What are the potentials and perils of fungi to medicine, climate and food?
CIFAR's Global Call for Ideas invited applicants from all over the world to propose an important research question they want to address. We chose 12 finalists, and will announce the final selection in May. Find out more about this finalist.
There are more than 1.5 million species of fungi in the world. Some are crucial to our immune systems, while others cause lethal diseases in humans and in food crops.
The Fungal Kingdom program will study the genetic bases of these properties in fungi, their evolution and how they help and hurt plants, wildlife, and humans. They will ask fundamental questions, including: Why do some fungi cause disease? How can we predict the next emerging pathogen? What are key features of a vaccine to prevent fungal infections?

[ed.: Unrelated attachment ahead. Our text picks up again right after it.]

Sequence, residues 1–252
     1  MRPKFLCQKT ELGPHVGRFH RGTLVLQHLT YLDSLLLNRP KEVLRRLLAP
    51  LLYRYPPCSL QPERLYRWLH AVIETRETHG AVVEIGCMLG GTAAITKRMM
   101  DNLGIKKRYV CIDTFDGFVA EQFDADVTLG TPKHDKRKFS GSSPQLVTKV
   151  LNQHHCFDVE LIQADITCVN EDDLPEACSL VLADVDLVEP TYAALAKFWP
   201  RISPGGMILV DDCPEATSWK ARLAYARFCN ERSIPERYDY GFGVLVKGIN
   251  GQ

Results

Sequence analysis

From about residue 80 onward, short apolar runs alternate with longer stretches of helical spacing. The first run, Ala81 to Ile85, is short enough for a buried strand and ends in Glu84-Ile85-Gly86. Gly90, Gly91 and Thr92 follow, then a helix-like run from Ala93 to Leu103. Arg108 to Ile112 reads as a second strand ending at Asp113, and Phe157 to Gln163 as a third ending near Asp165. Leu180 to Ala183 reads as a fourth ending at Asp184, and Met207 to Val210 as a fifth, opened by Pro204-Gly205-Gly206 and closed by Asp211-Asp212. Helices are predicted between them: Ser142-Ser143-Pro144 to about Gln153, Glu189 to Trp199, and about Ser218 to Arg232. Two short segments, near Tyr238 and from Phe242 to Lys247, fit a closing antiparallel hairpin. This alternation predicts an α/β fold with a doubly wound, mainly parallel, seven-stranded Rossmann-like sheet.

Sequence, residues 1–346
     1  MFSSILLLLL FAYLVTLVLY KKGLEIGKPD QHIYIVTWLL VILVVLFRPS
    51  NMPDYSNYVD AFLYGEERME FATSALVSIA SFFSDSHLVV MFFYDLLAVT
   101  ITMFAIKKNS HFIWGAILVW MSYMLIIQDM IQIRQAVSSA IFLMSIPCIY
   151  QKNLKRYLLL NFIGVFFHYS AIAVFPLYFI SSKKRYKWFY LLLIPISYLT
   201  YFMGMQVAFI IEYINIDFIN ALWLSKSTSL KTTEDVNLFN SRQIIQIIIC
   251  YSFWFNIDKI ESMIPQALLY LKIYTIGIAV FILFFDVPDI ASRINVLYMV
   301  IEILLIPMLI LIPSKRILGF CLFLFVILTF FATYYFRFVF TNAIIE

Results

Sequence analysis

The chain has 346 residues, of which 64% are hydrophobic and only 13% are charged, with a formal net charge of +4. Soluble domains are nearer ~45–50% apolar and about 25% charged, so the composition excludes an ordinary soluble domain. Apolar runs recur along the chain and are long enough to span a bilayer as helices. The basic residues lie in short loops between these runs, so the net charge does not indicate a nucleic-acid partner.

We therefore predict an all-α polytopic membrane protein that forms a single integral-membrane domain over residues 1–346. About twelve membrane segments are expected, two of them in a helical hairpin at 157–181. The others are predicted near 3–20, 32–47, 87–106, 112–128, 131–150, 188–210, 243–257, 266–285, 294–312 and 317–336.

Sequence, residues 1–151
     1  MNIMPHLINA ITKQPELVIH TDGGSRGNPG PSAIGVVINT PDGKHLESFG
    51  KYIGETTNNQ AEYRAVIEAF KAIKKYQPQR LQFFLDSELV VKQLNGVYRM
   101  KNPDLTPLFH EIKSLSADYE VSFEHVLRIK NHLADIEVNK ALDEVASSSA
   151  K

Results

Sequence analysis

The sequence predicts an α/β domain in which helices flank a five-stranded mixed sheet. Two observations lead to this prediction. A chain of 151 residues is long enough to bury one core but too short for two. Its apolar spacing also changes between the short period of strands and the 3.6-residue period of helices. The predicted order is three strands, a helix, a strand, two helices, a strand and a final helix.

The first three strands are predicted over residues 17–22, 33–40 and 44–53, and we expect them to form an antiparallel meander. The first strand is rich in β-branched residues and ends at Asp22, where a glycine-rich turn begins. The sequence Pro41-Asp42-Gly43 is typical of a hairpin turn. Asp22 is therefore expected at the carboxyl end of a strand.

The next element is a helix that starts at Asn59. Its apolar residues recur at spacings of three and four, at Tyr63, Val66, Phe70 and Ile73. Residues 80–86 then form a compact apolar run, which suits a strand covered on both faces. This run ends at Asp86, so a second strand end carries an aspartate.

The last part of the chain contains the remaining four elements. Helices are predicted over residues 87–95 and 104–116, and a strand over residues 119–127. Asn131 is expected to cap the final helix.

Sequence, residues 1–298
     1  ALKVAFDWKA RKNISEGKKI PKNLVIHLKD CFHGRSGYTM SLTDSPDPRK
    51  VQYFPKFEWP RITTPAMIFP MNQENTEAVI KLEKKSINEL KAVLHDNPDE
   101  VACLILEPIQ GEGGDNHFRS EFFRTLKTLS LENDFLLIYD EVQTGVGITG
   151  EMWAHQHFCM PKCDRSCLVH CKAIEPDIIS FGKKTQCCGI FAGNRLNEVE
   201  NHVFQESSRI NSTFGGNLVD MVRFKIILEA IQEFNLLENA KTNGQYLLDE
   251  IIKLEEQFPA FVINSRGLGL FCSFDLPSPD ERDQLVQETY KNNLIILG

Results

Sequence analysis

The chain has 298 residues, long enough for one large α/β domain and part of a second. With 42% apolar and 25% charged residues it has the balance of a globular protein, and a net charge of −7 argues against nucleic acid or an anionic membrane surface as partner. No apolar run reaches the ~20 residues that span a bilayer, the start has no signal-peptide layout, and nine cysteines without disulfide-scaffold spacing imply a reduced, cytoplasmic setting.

Tapping into the biology of fungi is crucial to protecting humans and our environment. It can avert the threat of biological warfare and epidemics. It can develop a new class of drugs, vaccines and treatments for antimicrobial resistance. It means we can grow stronger crops and produce better food and biofuels.
- Leah Cowen is a professor and Canada Research Chair in Microbial Genomics and Infectious Disease in the Department of Molecular Genetics at the University of Toronto.
- Joseph Heitman is the James B. Duke Professor and Chair of Molecular Genetics and Microbiology at
Find out more about the other short-listed Global Call proposals